Cross-sector Partnership Uses Advanced Non-Animal Approach to Better Understand Chemical Effects

The US Environmental Protection Agency’s (EPA) New Chemicals Collaborative Research Program (NCCRP) is exploring the use of modern tools to help the agency efficiently and effectively make decisions about chemicals that better protect health and the environment.

EPA’s Office of Pollution Prevention and Toxics (OPPT) is required to make rapid decisions about whether to allow companies to bring new industrial chemicals to market. A 2016 legal mandate, driven by technological advances, emerging science, and an ethical obligation and public desire to reduce animal testing, requires OPPT to use non-animal testing during its assessments whenever possible. As part of the NCCRP, OPPT and EPA’s Office of Research and Development have teamed up to develop a proof-of-concept non-animal testing approach to rapidly generate chemical data to better understand potential chemical effects and aid in making rapid, science-based decisions. This proof-of-concept was positively reviewed by a federal advisory committee, known as the EPA’s Board of Scientific Counselors, in Fall 2022.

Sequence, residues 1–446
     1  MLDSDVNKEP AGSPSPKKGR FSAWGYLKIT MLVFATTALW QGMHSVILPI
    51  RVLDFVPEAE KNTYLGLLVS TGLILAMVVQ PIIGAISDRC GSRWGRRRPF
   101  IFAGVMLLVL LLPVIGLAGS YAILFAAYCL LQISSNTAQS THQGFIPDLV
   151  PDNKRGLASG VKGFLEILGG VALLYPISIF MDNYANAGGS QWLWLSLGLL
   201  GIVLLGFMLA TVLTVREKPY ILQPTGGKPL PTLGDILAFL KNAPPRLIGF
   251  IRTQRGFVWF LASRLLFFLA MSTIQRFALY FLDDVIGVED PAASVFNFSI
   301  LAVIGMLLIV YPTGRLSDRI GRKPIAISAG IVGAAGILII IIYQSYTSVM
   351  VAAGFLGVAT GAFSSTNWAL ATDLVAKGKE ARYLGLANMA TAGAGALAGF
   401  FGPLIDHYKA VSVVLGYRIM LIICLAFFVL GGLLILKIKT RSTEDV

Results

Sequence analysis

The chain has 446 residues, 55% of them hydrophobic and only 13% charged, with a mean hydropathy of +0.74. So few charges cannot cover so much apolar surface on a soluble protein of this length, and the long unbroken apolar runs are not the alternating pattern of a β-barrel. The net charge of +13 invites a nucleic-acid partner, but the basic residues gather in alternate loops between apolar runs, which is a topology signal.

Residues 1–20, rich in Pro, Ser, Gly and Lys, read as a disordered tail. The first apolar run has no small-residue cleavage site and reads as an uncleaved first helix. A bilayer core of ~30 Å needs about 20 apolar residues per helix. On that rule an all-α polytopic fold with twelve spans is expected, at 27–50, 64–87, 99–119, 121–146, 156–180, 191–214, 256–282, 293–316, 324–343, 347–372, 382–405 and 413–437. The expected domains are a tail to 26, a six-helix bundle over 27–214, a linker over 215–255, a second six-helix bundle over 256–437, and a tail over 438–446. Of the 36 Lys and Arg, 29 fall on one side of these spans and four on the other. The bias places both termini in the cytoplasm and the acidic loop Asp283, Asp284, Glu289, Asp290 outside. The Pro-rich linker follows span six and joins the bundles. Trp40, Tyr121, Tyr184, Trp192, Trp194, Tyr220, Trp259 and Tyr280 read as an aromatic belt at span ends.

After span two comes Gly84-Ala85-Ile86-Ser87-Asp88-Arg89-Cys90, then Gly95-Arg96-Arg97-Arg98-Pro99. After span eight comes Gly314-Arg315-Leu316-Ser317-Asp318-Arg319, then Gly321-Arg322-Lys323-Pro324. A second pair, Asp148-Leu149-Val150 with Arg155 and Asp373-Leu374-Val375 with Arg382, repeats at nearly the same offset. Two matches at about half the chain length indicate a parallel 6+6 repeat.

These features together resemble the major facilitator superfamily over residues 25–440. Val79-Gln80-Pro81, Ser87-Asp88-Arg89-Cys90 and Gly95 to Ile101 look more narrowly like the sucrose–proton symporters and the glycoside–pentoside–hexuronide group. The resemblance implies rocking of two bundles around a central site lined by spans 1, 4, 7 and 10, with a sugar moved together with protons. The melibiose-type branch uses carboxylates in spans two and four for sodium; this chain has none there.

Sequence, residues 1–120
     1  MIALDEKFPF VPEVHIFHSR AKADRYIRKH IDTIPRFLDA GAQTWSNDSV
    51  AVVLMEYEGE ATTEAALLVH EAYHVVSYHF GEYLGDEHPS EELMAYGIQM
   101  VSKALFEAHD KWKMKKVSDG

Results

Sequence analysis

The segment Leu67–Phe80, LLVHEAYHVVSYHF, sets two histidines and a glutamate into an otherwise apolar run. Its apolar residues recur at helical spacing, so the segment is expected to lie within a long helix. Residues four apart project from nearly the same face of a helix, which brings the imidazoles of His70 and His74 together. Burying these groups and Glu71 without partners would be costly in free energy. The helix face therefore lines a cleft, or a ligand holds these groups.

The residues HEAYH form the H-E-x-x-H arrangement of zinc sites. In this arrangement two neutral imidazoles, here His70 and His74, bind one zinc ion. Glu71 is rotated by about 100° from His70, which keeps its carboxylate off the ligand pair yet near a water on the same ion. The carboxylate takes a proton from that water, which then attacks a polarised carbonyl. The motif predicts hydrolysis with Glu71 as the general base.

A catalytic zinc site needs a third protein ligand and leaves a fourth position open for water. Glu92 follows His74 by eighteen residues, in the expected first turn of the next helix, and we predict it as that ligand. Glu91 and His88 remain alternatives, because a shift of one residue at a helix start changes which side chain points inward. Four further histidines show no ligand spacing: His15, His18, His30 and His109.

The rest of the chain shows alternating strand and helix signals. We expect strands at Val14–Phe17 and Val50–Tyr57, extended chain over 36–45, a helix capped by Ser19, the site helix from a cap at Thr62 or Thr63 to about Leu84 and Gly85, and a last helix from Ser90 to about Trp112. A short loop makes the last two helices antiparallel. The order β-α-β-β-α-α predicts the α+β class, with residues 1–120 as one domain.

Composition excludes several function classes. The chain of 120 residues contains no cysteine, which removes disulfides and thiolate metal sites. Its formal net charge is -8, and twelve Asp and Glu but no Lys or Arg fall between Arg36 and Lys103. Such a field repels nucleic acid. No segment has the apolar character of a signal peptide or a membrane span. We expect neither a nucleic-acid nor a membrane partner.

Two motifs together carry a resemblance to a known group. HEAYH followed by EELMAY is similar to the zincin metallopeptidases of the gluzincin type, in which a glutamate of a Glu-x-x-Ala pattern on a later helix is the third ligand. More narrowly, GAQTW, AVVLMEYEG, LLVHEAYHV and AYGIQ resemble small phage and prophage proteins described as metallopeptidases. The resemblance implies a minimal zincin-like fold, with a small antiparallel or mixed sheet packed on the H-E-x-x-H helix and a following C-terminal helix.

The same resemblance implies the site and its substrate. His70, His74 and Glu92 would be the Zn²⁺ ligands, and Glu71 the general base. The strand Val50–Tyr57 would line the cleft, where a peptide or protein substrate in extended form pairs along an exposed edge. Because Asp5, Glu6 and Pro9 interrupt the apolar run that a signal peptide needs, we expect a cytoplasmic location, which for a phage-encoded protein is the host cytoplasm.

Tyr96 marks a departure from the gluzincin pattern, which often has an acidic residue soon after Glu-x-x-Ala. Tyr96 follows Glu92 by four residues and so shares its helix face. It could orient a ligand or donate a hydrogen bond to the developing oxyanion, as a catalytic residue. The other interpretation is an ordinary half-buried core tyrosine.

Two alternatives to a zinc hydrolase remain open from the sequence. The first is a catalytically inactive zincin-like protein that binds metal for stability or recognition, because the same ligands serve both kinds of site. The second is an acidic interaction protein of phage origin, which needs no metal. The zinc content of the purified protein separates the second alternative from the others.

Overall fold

The proof-of-concept integrates information from multiple methods including an in vitro pharmacology assay panel that provides information on chemical activity for 50 potential molecular targets. These targets are relevant to endocrine, development and reproductive, neurological, cardiac, and metabolic pathways, including binding to or activation of human cellular receptors, and interaction with ion channels and other enzymes. As a first step, ORD plans to test 100 Toxic Substance Control Act (TSCA)-relevant chemicals and reference chemicals as a proof-of-concept in 2024. PETA Science Consortium International e.V. is providing $110,000 in funding to test an additional ten chemicals.

The data will be analyzed to assess how the in vitro pharmacology assay panel can be applied to rapidly generate toxicity data to be used in a weight-of-evidence approach to help understand the potential toxicity of chemicals to humans. When enough data are collected, they could also be used to predict the health effects of other, similar chemicals using read-across and quantitative structure-activity relationship models. The in vitro pharmacology assay panel, when combined with other new approach methods for hazard and toxicokinetics, could inform assessments of new chemicals with little to no known hazard information.

Once blinded testing is complete at the contract research organization, Eurofins, the raw data will go through the EPA ToxCast data analysis pipeline and eventually be publicly released through EPA’s ToxCast database (invitroDB). This effort represents the latest in a series of collaborative efforts among scientists and regulators to improve the efficiency and effectiveness of chemical assessments to best protect humans and the environment.